I love my PowerPunch! I mostly use it to punch holes in leather, rarely in metal. I really like the clean hole that you get and I love the ease of use for leather - much faster than the typical two-hole punch.

Ema Kilroy said...

Shaiha I will plan a tutorial for the punch. It takes a bit of practice but very doable.

Ema Kilroy said...

Kristen you said it perfectly. I found myself constantly up and down in my seat...a good work out though. The shelf liner is a great idea! I was worried about the punch slipping out from under me and wreaking havoc. I'm going to add shelf liner to my bench.

Ema Kilroy said...

Kathy, I completely understand that sentiment. It does take some effort.

Laurelmoon, The punch makes a nice clean hole on metal so I would imagine it would be great for leather! Good idea for it's use!

Ema Kilroy said...
This comment has been removed by the author.
Becky Pancake said...

Hi Ema, An overview of punches would be great. I am just starting to include metals in my work and I would appreciate this. I used my screw down punch for the first time yesterday to punch two holes in the bottom of butterfly wings and they are not even so being able to see what you are going to punch easier sounds great to me.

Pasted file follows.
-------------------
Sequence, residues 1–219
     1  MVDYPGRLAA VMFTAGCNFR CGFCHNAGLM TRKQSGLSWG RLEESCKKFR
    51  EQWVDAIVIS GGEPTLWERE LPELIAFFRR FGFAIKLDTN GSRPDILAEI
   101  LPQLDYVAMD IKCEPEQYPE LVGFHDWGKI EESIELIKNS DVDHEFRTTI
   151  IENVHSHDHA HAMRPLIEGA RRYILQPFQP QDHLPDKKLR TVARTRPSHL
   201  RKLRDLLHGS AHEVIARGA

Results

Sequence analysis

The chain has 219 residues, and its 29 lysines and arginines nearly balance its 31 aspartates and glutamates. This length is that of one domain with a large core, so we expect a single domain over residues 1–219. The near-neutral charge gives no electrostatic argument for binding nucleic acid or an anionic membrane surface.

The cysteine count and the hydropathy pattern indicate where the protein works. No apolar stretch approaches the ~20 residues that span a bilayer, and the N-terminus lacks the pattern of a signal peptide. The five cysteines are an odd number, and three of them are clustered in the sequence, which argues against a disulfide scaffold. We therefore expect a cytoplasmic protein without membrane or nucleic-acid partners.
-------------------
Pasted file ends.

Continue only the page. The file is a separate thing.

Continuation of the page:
haezz said...

I've had this punch for a year and I still use it nearly every day. I have small hands also and have to do the up/down at my work table as well. Many times I just call the hubby for help.

I have one con with this tool that really bothers me. It can be very difficult for me to see exactly when I am over the mark that I need punched. Many times I am off a wee bit, but enough to notice the holes are not even. Any tips for this problem would be appreciated.

And an overview of these tools would be wonderful!

Cheryl K Roe said...

I also have this tool, have not had the opportunity to use it much but what I have, I liked.

Unknown said...

I have had this tool for several years & just started using it. I've had lots of trouble both seeing where to punch & the actual punching of my biggest problems was squeezing the handles, hard to get a good grip to squeeze w/o smashing my hands. After consulting w/ a couple of tool savvy guys, I was introduced to the concept of 'cheater bars'. Larger, longer pipes are placed over the handles giving you a little more leverage. It's still a learning process,but I have made progress in the last couple of weeks. Great timing on this post, glad to see I'm not the only one struggling w/ this tool.